Today every second Audi is delivered with a TDI engine – the outlook is bright. Audi has constantly set new technical standards during the development of the TDI engines over the last 16-years. The current highlight is the Audi V8 4.2 TDI quattro with 326 hp and 650 Newton metres torque – one of the most powerful compression ignition engines found in a production limousine – and all this whilst complying with the EU 4 emission limits and with an average fuel consumption of 9.4 litres per 100 kilometres.
http://www.audi.com/audi/com/en1/experience/motorsport/Audi_R10_TDI/TDI_Power_for_racing.html [Broken]

http://www.audi.com/audi/com/en1/experience/motorsport/Audi_R10_TDI/The_Audi_R10_TDI.html [Broken]

http://www.audi.com/audi/com/en1/experience/motorsport/Audi_R10_TDI/24_Hours_Le_Mans.html [Broken]

The media spoke of a “silent revolution” – hinting at the fact that the powerful 650 hp V12 engine propelling the R10 TDI can hardly be heard.
http://www.audi.com/audi/com/en1/experience/motorsport/Audi_R10_TDI/Audi_in_ALMS.html [Broken]
 
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  • #14
Ivan Seeking
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brewnog said:
Ivan, I'm aware that B100 is carbon neutral, I'm more concerned about NOx emissions when using it in older (ie pre EU Stage IV / EPA Tier 4) engines. Don't get me wrong, I'm completely in favour of biodiesel, but I would be hesitant to pin all environmental hopes on its use!

Ah, the NOXs have been an issue. I don't see biodiesel [and in particular biodiesel from algae] as the end all energy and environmental solution. However, I do see it as, first, a transitional technology to a hydrogen economy, and perhaps more importantly these days, a direct path to energy independence. In the US, the argument for alternative fuels is now at least as much a matter of national security as it is environmental issue. It is also an economic issue. This will be a huge plus for the US economy. IIRC, we import about half a trillion dollars worth of crude each year. Now we can keep this money at home.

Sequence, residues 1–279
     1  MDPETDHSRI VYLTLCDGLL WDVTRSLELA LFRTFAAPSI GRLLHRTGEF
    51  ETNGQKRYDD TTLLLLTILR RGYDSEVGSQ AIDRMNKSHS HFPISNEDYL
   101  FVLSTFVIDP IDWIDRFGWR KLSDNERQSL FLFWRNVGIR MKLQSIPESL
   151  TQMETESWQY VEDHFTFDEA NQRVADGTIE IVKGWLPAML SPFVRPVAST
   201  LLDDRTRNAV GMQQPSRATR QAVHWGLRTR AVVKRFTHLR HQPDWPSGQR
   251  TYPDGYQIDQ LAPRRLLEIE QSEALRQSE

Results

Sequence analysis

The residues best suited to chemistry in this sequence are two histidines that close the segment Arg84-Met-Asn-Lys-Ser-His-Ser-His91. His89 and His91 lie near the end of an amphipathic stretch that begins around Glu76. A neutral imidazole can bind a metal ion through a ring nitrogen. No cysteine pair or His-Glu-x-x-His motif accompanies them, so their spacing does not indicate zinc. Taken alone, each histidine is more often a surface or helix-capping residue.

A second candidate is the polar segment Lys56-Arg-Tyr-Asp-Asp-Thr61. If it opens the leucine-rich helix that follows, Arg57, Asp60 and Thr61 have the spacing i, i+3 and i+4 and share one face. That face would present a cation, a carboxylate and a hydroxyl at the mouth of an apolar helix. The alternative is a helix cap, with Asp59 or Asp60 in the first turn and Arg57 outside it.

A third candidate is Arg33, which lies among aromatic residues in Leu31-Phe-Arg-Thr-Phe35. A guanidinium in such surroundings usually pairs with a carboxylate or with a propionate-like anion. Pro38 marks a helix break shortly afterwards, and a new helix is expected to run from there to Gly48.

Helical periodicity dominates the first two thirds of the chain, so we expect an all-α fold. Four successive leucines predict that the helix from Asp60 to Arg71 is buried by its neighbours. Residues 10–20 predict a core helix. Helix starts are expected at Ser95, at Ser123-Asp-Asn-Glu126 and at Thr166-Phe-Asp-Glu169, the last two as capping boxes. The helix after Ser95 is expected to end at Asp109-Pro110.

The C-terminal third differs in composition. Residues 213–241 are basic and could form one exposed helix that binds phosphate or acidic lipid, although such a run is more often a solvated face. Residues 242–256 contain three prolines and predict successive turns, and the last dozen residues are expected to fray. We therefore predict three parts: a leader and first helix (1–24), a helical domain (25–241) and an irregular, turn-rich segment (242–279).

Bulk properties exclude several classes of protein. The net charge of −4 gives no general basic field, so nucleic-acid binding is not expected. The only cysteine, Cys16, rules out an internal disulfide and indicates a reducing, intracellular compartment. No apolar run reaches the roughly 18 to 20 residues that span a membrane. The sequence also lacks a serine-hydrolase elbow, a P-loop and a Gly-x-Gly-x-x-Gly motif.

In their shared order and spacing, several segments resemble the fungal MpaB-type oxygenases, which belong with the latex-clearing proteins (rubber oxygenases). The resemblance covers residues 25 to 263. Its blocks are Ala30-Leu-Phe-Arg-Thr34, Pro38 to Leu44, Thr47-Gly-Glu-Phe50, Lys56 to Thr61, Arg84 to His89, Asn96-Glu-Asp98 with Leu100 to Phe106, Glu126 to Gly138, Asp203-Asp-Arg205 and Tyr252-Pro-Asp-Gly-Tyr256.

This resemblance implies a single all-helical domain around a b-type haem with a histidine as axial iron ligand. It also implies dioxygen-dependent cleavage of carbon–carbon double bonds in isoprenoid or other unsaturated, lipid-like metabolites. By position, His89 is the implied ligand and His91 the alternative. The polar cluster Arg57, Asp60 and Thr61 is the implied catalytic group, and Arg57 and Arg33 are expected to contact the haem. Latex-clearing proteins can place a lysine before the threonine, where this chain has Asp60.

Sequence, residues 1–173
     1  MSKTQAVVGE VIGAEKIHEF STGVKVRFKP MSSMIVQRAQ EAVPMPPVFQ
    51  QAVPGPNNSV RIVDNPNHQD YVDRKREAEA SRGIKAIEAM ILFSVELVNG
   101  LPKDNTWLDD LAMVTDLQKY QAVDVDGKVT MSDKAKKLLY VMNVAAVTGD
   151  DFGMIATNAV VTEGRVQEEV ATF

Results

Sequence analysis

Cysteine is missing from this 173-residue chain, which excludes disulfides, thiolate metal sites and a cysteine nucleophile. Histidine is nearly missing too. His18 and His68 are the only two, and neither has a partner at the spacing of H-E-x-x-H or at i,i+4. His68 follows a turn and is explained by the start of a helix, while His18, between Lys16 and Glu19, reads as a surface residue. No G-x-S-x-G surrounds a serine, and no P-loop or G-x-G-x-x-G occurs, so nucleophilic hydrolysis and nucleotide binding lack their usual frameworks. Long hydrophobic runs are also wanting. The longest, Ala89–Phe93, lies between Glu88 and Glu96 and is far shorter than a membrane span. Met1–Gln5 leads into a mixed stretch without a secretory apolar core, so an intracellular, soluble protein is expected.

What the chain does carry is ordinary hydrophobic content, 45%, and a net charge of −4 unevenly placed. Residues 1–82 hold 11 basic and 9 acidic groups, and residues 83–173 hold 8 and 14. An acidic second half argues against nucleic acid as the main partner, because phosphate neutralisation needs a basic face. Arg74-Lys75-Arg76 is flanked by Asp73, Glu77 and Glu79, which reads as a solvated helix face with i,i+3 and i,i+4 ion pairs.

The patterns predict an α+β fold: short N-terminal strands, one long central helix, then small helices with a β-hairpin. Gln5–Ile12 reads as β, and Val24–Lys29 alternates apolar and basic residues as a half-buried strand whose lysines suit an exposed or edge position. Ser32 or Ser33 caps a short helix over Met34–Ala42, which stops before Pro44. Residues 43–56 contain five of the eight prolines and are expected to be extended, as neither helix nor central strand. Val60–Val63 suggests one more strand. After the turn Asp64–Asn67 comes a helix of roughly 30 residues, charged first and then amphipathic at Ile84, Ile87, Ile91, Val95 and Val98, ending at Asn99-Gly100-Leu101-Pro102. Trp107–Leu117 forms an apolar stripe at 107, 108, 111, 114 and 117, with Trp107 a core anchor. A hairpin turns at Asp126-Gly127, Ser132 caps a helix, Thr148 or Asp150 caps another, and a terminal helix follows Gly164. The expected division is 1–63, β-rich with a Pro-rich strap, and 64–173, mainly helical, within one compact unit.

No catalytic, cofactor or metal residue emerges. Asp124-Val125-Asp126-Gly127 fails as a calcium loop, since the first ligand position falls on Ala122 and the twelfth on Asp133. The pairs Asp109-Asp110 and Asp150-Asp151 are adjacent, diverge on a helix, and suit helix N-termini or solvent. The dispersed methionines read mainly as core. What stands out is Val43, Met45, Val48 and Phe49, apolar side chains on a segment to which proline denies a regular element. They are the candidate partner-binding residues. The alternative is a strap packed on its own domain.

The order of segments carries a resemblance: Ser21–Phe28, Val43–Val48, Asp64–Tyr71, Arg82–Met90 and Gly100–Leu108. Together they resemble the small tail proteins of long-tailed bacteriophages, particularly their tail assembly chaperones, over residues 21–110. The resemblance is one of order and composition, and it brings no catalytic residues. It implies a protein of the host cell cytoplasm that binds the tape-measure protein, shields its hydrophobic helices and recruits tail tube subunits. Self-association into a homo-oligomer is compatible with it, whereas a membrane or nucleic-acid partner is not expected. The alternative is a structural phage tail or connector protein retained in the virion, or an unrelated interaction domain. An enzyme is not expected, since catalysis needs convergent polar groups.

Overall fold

Even the production of biodiesel from regular seed crops is about thirty times more efficient than the production of ethanol from corn. The yeilds from algae are staggering.
 
  • #15
brewnog
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Hooray!

Ivan, if you could get just 10% of Americans to understand why Diesel (let alone biodiesel) is a clear advance forwards, then I'd cook you a nice hot dinner every day for the rest of your life!

NOx would be an issue with clattery old IDI low pressure sod-the-emissions engines, but we have the technology now to all but eliminate it in modern CI engines.

Half of all cars now sold in Europe are Diesels, why is the US not right behind us?! Where did my thread about this go?!
 
  • #16
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You dont have diesel cars in the States? :confused:
 
  • #17
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brewnog said:
Andre, don't even THINK about putting cooking oil in the Pug! :smile:

Don't worry, this is how it works. But it's considered a curiousity unless, of course, there's an acute emergency like strikes, boycotts. Has happened before.
 
  • #18
brewnog
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Andre, I understand how it's made! (An old Diesel engine would in fact be quite happy running on ordinary vegetable oil). However, I also understand how critical fuel quality is for the correct operation of the common rail system in your Pug; a 2 single micron contaminant could knacker the seats of an injector and ruin your engine.

Before people start making their own biodiesel for use in modern vehicles, they really need to appreciate the importance of cleanliness and quality of the fuel.
 
  • #19
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Andre's car looks very cool! It is called a pug? Couldn't they get a better name?... a more... horsepowery name?